7. A process according to claim 6 wherein the product gas stream is subjected to a liquid nitrogen wash effecting removal of carbon monoxide, methane and gasiform components other than nitrogen and hydrogen from the product gas stream, and returning the carbon monoxide, methane and accompanying nitrogen and associated components to the first reaction zone in admixture with the toxic organic waste feed stream.

This application is a continuation-in-part of copending U.S. patent application Ser. No. 07/106,144, filed Oct. 7, 1987, now U.S. Pat. No. 4,869,731, which is a continuation of application Ser. No. 786,165 filed Oct. 9, 1985, now abandoned which in turn is a continuation of application Ser. No. 584,571 filed Feb. 29, 1984, now abandoned.

There are a number of toxic organic substances that are so resistant to both thermal degradation and biological degradation that their improper disposal results in severe environmental pollution problems. These toxic organic substances usually undergo only partial destruction in conventional incinerators with the result that unreacted or partially oxidized toxic compounds are discharged with the stack gases into the atmosphere and may subsequently cause pollution of the air, soil, and waterways. Other hazardous wastes, particularly municipal sewage, hospital wastes, and biochemical wastes, present serious disposal problems in areas of high population density.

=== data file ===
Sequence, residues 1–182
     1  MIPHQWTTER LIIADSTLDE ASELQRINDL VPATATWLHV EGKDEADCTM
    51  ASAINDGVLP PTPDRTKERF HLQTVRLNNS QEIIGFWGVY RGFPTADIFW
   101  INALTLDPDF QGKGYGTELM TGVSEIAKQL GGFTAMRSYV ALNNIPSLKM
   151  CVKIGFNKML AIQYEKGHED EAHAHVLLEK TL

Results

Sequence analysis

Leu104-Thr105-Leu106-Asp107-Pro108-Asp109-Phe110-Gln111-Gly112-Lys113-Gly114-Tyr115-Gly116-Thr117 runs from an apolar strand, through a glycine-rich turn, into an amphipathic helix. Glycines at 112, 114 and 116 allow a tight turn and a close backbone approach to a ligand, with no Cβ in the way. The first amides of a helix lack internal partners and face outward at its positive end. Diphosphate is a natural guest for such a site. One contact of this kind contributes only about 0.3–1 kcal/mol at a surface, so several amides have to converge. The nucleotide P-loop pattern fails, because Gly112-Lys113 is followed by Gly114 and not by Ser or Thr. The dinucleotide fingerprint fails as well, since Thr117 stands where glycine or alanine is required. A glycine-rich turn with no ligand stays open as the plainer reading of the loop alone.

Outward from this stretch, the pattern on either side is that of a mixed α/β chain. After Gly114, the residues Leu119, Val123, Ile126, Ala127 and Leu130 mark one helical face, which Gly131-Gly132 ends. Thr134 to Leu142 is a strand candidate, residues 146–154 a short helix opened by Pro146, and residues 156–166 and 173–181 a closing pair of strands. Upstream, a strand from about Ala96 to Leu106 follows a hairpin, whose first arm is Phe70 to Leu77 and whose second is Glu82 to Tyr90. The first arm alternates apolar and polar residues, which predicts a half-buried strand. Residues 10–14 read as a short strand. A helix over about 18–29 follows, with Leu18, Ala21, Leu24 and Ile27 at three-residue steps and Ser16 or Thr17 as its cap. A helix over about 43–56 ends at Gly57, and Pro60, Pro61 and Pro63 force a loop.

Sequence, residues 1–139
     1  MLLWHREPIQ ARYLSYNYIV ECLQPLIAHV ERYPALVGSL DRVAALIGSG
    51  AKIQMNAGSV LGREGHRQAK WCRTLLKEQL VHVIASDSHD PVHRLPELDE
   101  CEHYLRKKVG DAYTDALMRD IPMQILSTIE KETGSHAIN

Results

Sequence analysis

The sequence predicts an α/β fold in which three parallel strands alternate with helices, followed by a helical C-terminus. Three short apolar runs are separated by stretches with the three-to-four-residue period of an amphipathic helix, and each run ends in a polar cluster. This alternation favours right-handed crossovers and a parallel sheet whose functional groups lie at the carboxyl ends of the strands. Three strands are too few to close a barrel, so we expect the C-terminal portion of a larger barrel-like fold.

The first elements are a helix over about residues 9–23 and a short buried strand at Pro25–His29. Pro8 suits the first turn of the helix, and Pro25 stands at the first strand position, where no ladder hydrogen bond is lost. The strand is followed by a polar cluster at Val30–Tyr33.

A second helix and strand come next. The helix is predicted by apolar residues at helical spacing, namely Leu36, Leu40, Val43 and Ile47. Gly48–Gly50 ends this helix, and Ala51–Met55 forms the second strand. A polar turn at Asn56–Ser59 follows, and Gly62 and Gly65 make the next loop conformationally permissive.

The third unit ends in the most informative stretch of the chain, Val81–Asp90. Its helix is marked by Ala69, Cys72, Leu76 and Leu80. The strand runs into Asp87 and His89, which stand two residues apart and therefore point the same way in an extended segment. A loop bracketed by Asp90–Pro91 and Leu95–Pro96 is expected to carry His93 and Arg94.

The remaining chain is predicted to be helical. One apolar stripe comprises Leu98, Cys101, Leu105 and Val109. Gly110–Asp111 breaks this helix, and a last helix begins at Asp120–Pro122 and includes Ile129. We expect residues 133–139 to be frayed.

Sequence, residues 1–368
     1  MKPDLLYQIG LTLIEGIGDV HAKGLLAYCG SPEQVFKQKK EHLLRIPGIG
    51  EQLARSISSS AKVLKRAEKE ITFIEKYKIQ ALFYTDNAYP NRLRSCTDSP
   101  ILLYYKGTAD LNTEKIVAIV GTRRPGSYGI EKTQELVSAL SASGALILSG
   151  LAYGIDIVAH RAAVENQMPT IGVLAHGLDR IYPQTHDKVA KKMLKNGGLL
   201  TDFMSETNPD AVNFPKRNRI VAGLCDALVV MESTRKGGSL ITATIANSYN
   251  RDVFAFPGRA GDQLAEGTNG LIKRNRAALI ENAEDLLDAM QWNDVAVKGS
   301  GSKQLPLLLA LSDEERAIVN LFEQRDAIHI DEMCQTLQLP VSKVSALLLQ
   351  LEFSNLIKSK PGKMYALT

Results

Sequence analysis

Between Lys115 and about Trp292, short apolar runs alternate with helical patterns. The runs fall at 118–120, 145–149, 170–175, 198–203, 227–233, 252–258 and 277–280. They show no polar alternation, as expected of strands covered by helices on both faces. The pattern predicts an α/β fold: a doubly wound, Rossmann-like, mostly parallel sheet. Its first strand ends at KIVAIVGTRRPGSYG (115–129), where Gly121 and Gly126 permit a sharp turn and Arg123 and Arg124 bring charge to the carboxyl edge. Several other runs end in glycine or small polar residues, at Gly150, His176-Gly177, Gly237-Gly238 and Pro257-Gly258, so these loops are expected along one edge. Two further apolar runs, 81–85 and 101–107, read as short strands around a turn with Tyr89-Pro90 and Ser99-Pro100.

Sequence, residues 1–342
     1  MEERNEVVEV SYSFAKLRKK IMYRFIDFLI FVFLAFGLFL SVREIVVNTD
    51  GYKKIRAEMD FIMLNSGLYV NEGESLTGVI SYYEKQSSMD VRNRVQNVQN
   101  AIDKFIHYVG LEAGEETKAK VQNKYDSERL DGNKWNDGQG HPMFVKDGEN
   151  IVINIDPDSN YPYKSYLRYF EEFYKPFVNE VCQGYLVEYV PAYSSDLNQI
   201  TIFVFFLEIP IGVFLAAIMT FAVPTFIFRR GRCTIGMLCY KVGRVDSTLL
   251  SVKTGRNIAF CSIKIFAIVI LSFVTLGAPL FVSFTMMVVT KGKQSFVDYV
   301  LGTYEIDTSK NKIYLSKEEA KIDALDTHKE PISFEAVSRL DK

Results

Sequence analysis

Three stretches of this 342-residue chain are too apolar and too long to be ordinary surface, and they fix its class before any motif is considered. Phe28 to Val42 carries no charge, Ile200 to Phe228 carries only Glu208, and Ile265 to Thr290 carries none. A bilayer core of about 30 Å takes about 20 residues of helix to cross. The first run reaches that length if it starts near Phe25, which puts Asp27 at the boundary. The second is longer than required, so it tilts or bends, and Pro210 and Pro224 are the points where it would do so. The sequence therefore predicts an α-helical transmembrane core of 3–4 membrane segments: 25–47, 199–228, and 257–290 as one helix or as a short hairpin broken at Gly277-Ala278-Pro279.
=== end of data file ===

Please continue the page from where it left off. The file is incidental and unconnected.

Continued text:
This invention relates to a process for the decomposition by partial oxidation of toxic organic substances that are unusually resistant to thermal degradation, as well as those wastes which may be destroyed by incineration, without pollution of the environment. In this process, the toxic refractory organic substances are exposed to an oxidizing medium and steam at a temperature in the range of 2500 F. to 3200 F. in a combustion chamber in which the resultant partial oxidation products containing hydrogen and carbon monoxide are contacted with incandescent carbon and/or an incandescent inorganic oxide. By means of this procedure, refractory organic substances are typically decomposed with an efficiency of at least 99.9999 percent in a single pass through the partial combustion zone. After the removal of solids and gaseous inorganic decomposition products by conventional scrubbing and refining techniques, the exit gas, which comprises carbon monoxide, methane, and hydrogen, may be used as a fuel or synthesis gas.